Crime & Lawsuits, Divorce, Technology

The next social media trend: Prenuptial agreements

social prenup

It is the latest trend in love: ABC reports that “social media prenups” are on the rise. Social-media-savvy couples are setting expectations early when it comes to sharing information on Facebook, Twitter, Instagram and similar platforms, so that neither partner shares unflattering or harmful information about the other. If they do, they pay the price.

Violating a social media prenuptial agreement will cost you

Social media prenuptial agreements are new and are usually included as a clause in a married couple’s so-called “love contract,” or lifestyle clause, which lays out behavioral and physical requirements for things like how much partners can weigh and how often the couple should have sex.

Social media clauses typically do not specify websites but rather set general rules on what aspects of the couple’s private life should not be shared online. Embarrassing swimsuit shots or photos of someone drunk and behaving inappropriately are examples of things rendered off-limits by these agreements.

And it is not just talk. A violation of the social media clause can set someone back as much as $50,000 per infraction. While the consequences of such posts may mostly be psychological, monetary penalty can be especially high if the offending material has harmed a partner’s professional reputation.

Couples benefit at the beginning and the end

Couples who choose to add a social media clause to their prenuptial agreement benefit in two ways. First, contractual discussions get partners talking about where they can and cannot compromise in their relationship, helping them set clear boundaries from the start. Second, it gives them power in the event of a nasty split.

During a painful breakup, an angry partner may decide to post unflattering photos, or worse, to get back at their former partner through cyber bullying. However, with divorce attorneys scouring clients’ social media profiles to find information to use during divorce proceedings, revenge posting carries heavy consequences.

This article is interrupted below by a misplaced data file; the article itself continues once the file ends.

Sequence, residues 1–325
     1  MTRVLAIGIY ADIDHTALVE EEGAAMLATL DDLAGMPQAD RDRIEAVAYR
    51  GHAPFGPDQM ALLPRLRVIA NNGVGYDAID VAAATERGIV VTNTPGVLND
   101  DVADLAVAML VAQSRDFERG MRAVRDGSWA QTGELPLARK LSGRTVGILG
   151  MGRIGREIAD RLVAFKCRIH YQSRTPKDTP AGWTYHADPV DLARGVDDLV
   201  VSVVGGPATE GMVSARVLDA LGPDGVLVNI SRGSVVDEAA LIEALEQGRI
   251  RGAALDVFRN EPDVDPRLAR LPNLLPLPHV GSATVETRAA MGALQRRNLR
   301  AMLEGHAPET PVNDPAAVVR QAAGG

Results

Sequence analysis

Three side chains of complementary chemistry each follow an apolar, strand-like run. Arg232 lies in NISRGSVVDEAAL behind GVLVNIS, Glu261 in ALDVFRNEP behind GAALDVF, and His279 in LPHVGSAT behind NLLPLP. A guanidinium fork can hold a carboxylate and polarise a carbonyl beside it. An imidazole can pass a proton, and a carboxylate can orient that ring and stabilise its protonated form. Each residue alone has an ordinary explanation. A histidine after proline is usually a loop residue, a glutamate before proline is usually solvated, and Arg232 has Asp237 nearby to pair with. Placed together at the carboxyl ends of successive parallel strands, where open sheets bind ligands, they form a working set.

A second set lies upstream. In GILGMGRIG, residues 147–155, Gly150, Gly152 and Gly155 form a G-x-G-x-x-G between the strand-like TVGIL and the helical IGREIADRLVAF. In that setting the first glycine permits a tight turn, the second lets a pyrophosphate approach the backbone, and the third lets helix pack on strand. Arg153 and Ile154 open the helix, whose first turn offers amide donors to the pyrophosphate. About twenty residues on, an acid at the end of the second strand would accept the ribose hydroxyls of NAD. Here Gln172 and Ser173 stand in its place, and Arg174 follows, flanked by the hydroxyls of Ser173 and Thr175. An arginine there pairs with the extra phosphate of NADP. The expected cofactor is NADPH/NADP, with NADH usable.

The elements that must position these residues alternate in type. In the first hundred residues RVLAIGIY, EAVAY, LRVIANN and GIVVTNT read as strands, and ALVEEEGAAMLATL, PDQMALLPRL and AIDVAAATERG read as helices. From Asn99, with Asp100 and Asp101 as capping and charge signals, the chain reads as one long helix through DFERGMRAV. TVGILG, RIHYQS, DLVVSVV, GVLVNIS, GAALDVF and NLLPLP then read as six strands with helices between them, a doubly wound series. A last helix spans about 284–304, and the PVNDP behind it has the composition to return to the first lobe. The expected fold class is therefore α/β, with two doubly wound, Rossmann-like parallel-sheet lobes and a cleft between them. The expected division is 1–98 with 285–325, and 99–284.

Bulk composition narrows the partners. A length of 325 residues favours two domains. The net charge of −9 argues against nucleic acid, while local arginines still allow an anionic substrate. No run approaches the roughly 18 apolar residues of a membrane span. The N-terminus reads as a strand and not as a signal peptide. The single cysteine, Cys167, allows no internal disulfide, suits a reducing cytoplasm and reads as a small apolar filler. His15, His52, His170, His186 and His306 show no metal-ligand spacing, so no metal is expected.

A violation of the social media clause could not only result in the stipulated financial penalty for the perpetrator, but also in a less favorable divorce settlement. Ideally, having the clause would prevent such a violation from ever occurring.

So you want a social media prenup

If you are interested in a social media clause in your prenuptial agreement, discuss the issue with your partner first. Agree on what is acceptable to share online and try to imagine scenarios that could result in harm or embarrassment.

Next, contact a lawyer in your state to handle your prenuptial agreement. If you are already married, you can discuss the possibility of getting a postnuptial agreement. Your attorney will help you determine the scope and detail of the agreement and word it so it is enforceable by law, as many love contracts do not hold up in court.

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One comment

  1. 1

    I’m a firm believer in prenups and will definitely get one when I get married. I have some friends that had them and got divorced and it saved their ass. The women were trying to sue for a fortune. It’s crazy to me that someone could be married for a couple years and the wife expects half the net worth of an entire lifetime of work. That’s ludicrous and heinous.

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